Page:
What to do if you get stuck on public transport
Getting stuck somewhere far from home can be anxiety-inducing for even the bravest traveller. It’s a scary thought when you’re on a train halfway round the world and it’s mysteriously delayed or cancelled for hours with little or no explanation. It doesn’t happen very often, but public transport can be unpredictable at the best of times and issues can arise. If an issue does come up, just stay calm and you can get through it easily.
My experiences with delayed and cancelled trains
I was on a train the other week and we had stopped for a while at a station about two hours away from the one I wanted to get off at. I didn’t think much of it at first – the train must have pulled in early and was just waiting for the correct departure time before setting off again. It wasn’t until about ten minutes later when the train conductor announced on the speaker that they were waiting for a small delay to clear up a little bit down the line. No big deal, I thought, so I put my earphones in and sat tight.
Around twenty minutes later we had another announcement saying the delay was a bit more serious than they initially thought, and that they weren’t sure when we would be able to leave the station. They reassured us that they hoped it wouldn’t be for two much longer – I was a bit frustrated as I had had a long day and just wanted to get back home, but there wasn’t much I could do.
We had been waiting for around an hour at this point and another train had pulled in to the station behind us. However, since there was nowhere they could go, the passengers were told to move into our train as they were going to the same place we were. This is when I started to get a little anxious, as my carriage was filling up and nobody really knew what was going on at this point.
Fast forward about two hours and the conductor was urging anyone who could go back to travel back home and come back tomorrow morning. They said they were trying to either sort out an alternative train to pick us up, have coaches come or put us in a hotel for the night. Not ideal – I was stuck in a city I had never been to before and didn’t even know if I was coming home tonight.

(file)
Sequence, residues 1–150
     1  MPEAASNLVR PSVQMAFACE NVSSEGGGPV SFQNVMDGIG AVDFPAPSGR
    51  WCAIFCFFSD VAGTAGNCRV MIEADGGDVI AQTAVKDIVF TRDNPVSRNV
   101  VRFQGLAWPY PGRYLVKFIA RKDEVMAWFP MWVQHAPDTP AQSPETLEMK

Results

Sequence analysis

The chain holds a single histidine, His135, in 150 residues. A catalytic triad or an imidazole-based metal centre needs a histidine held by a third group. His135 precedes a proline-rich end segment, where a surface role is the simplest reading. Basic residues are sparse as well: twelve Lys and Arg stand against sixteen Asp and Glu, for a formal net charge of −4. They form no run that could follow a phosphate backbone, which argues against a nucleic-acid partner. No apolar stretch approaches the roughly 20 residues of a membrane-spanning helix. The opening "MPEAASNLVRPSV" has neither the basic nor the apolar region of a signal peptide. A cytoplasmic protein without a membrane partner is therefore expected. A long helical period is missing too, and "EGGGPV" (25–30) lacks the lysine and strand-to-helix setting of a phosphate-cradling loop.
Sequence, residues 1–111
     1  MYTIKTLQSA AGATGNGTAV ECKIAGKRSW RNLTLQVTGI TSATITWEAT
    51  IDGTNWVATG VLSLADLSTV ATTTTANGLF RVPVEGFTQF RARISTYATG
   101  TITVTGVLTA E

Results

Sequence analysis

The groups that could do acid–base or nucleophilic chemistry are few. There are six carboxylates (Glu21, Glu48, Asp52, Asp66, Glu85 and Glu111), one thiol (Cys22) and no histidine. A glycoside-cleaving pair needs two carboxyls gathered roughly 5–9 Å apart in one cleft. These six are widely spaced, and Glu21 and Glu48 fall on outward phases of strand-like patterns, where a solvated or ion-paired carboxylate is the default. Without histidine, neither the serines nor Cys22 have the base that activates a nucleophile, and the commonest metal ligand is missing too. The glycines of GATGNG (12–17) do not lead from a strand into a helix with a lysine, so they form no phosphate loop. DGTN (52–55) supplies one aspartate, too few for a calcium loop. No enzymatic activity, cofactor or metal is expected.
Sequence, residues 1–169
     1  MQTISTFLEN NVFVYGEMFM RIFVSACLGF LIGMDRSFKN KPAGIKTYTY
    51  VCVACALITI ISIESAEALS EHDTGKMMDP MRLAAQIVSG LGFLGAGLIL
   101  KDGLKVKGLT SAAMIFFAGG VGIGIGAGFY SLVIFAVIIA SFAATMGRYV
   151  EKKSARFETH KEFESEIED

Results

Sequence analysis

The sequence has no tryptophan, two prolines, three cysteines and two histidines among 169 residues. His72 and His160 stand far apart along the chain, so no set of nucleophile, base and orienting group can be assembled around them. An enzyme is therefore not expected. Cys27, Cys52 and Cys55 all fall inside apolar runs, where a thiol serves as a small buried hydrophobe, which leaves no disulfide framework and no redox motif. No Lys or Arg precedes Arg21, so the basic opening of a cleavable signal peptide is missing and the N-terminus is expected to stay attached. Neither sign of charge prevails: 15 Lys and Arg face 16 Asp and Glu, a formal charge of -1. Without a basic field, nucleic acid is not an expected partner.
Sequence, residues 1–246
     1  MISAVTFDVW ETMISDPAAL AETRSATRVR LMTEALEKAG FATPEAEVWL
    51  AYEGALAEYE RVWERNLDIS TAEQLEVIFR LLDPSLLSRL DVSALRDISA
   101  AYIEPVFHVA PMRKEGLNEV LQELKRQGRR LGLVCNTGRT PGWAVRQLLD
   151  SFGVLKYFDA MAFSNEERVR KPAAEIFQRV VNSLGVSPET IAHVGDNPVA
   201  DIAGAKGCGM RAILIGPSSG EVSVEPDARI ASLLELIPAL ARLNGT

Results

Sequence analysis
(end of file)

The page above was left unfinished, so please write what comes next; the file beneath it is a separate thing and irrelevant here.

About six hours later, we were finally on the move again. Another train had come to pick us up, and we were taking a diverted route home. Originally we were supposed to get back at 9pm, we eventually reached our destination at 2am.
What to do if you get stranded
The first, and most important bit of advice I can give you is to remain calm. If you can remain calm, you’ll be able to keep a clear head and be more rational in your decision-making. Listen out for announcements from staff members – either if they are announcing them over a tannoy or moving down the carriage. Public transport speakers aren’t always known for having the best sound quality, so listen closely, and if you’re still not sure then don’t be afraid to ask someone what was said. Honestly, there isn’t always much else you can do in this situation. In the UK, most trainlines will offer you compensation on your ticket if the delay is longer than thirty minutes.
Applying the knowledge, awareness and response (KAR) framework
Whilst you can’t predict when your train is going to be delayed or cancelled, there are some precautions you can take before your journey to help you out as much as you can, should your journey be disrupted. First of all, check what type of train ticket you are purchasing: advance singles are often the cheapest and most appealing ticket due to their price, however they are only valid for that particular journey and in some cases cannot be refunded if your train is delayed. Anytime return tickets give you the most flexibility for travel, allowing you to hop on any train owned by a particular trainline for a certain amount of time. This can be helpful if your train is cancelled, as you can hop on another train straight away without having to wait for instructions from the train staff.
If you’re stuck in a certain destination with no departure timeframe, research nearby hotels in case you need to stay the night in an emergency. Last-minute hotels can be pricey, especially if you are booking late at night. Use a good comparison website to find the best deals if money is an issue.
As mentioned previously in the blog, listen out for important announcements from train staff on the tannoy, as they will keep you informed to the best of their abilities. It is important to be aware of your stress levels, and how you are feeling during this ordeal as well. If you can feel yourself getting anxious or unsettled at any point, take a deep breath and calm down. If you’re on a busy train, you might have the option to move to a quieter or less-busy carriage. If this isn’t an option, you can always sit in the loo for a few minutes of uninterrupted peace of quiet.
In situations like this, you can only do so much. The correct response is following the train staff’s instructions and not causing an inconvenience to staff or other passengers through bad manners – they won’t want to be in this situation just as much as you won’t. It can be confusing if you have to find an alternate train at an unfamiliar station, so use your awareness to read the signs and correctly find your new train.
Public transport is often the cheapest and most convenient option for travellers all around the world. However, it does present its own set of risks and at times is not always the most reliable option. While it is unlikely, delays and disruptions can happen so hopefully this guide has helped alleviate any concerns. If you would like more advice on dealing with the stresses of public transport disruption, check out our blog post on how you can apply the KAR framework to improving your mental health.
Written by Joe Corfield.